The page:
The owner must be in full control of the animal at all times and is legally and financially responsible for the cost to repair any damage done by the service animal. Individuals who desire to have service or assistive animals on campus should contact the Department of Disability Services (“DDS”).

Other Specific Rules Related to Service Animals

When it is not obvious what service the animal provides, only limited inquiries are permitted. Staff may ask two questions: (1) is the dog as service animal required because of a disability, and (2) what work or task has the dog been trained to perform. Staff cannot ask about the person’s disability, require medical documentation, require a special identification card or training documentation for the dog, or ask that the dog perform the work or task. DDS is responsible for ensuring service animals meet necessary requirements.

Allergies and fear of dogs are not valid reasons for denying access or refusing service to people using service animals. A person with a disability will be asked to remove the service animal from an area on campus is the animal is out of control and the handler cannot take effective control of it, or the animal is not housebroken. Goods and services are available to the individual with disability once the service animal has been removed from the premises. The service animal must not be considered banned from the area, just temporarily denied access until such time as the issues have been resolved.

Conflicting Disabilities

If another person on campus has a covered disability under the ADA and it includes an allergic reaction to animals, and that person has contact with a service animal approved for presence on campus, a request for assistance will be made to the Department of Disability Services who will consider all facts surrounding the contact and make an effort to resolve the issue. After consideration of all facts surrounding the issue, every effort for a resolution will be made by this area.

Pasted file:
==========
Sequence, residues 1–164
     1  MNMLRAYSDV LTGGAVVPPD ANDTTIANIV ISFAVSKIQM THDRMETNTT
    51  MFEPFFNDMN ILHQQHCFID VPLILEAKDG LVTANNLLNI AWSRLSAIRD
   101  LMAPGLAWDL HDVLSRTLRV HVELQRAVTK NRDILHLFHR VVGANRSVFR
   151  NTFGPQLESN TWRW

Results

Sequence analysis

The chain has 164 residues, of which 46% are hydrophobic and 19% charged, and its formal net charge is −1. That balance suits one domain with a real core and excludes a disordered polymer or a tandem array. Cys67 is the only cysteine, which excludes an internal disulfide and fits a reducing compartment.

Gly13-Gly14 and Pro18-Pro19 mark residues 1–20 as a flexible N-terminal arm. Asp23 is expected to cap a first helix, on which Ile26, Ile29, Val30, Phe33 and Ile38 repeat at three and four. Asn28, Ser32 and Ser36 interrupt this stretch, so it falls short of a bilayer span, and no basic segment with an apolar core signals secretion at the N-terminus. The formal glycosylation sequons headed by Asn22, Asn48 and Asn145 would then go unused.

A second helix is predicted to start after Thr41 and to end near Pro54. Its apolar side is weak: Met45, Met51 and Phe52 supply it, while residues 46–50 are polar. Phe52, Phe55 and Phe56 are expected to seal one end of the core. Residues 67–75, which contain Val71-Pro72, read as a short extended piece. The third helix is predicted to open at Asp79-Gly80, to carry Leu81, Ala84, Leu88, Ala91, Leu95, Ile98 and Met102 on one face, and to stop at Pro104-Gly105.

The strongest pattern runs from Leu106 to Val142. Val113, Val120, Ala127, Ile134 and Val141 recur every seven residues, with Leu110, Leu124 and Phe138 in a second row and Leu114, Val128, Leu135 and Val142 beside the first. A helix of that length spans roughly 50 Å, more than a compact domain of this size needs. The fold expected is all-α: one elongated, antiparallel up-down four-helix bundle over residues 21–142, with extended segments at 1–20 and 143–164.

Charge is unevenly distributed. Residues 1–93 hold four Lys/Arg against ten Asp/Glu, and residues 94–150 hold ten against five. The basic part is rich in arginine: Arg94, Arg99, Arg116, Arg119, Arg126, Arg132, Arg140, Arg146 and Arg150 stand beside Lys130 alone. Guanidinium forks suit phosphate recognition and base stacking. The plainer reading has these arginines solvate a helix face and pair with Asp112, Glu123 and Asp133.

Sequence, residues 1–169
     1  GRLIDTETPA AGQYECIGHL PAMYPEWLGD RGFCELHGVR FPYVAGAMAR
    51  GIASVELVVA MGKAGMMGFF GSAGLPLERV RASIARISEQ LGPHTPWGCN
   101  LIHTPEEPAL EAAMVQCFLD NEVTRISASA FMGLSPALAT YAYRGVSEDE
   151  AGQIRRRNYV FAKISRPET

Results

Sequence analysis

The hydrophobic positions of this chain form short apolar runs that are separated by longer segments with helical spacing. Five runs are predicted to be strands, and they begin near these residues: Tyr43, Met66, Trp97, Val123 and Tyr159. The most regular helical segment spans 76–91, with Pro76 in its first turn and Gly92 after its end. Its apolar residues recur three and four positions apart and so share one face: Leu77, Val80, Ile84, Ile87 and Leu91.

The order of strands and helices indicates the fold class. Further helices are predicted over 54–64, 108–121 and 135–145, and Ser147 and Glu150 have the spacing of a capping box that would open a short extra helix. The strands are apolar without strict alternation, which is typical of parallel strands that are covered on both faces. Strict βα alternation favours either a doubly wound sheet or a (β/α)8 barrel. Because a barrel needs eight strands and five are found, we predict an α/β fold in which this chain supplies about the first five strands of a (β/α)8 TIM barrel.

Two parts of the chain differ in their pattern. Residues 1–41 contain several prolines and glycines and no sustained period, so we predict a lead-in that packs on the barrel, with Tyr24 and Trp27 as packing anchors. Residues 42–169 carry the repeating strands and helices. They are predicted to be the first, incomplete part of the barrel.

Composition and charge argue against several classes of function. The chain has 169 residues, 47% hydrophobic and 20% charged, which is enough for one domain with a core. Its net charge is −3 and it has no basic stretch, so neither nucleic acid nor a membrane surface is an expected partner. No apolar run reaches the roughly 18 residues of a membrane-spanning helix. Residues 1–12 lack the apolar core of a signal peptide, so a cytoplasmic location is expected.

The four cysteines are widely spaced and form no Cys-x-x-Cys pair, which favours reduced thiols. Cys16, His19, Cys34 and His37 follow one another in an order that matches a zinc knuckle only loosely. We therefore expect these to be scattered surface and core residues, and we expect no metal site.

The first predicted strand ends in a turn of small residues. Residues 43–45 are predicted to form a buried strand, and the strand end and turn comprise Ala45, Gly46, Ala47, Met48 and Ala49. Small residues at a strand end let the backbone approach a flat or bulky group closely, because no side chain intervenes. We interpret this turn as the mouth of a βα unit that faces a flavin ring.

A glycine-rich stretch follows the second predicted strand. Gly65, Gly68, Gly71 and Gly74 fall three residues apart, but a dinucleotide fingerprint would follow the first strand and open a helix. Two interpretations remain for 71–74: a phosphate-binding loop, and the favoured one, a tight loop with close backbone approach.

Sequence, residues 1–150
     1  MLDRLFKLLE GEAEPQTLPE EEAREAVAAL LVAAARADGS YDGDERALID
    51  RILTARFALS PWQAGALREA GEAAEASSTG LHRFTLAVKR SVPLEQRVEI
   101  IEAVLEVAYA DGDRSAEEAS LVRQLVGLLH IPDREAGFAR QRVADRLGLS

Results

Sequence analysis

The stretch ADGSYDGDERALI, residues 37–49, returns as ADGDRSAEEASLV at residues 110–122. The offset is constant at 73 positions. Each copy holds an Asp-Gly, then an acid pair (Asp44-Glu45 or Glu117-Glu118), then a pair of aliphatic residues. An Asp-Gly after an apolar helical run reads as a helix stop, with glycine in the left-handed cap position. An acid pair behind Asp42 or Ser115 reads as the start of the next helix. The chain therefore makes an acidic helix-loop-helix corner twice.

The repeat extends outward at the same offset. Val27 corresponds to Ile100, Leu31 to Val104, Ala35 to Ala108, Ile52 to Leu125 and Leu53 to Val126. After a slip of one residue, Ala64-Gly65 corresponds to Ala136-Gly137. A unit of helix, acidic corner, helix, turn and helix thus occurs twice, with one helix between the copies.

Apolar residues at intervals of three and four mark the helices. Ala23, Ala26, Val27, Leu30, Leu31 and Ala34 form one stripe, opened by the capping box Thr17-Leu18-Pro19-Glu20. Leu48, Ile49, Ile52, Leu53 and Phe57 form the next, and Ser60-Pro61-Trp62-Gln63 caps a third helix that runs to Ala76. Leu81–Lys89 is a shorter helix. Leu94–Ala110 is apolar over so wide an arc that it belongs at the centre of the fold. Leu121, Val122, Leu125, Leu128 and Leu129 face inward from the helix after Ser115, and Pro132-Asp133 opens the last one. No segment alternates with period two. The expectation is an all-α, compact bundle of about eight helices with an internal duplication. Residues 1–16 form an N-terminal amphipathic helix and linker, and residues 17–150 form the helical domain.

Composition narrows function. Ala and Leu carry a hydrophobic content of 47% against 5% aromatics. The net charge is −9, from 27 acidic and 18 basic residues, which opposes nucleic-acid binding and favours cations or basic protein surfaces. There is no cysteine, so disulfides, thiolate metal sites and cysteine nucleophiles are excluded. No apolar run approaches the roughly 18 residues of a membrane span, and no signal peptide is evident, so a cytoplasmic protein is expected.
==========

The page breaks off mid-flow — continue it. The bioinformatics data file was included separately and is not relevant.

Emotional Support/Comfort Animals

An animal that provides emotional support which alleviates one or more identified symptoms or effects of a resident's documented disability may be allowed to reside in the residence halls in accordance with this policy. An emotional support animal, which can include animals other than dogs, will be permitted as reasonable accommodation to a person registered with the DDS in order to have an opportunity to use and enjoy the residential experience. The assistance the animal provides must relate to the individual’s disability. The important consideration is whether or not the animal provides the benefit needed as a reasonable accommodation to the resident with the disability.

Requirements for Emotional Support/Comfort Animals:

A student requesting permission to have an emotional support animal in his or her on-campus housing must provide the DDS with appropriate documentation on or before the University Housing Application Deadline. The DDS requires such advance notice in order to gather, review, and verify the necessary documentation, which includes, but is not limited to: verification of a disability, the determination of any conflicting disabilities in the immediate vicinity where the animal will be housed, and verification of all vaccinations and the health of the animal including all the necessary licensing. If documentation is immediately available, the time for the approval process may be shortened. Documentation of the need for an emotional support animal should include a signed letter, on professional letterhead, from the person's physical or mental healthcare provider or licensed therapist. The provider or therapist should be familiar with the professional literature concerning the assistive and/or therapeutic benefits of Emotional Support Animals for people with disabilities. The Director of Disability Services will review documentation and make a determination. If a qualifying disability exists, the Director of Disability Services will coordinate services with the Office of Housing and Resident Life.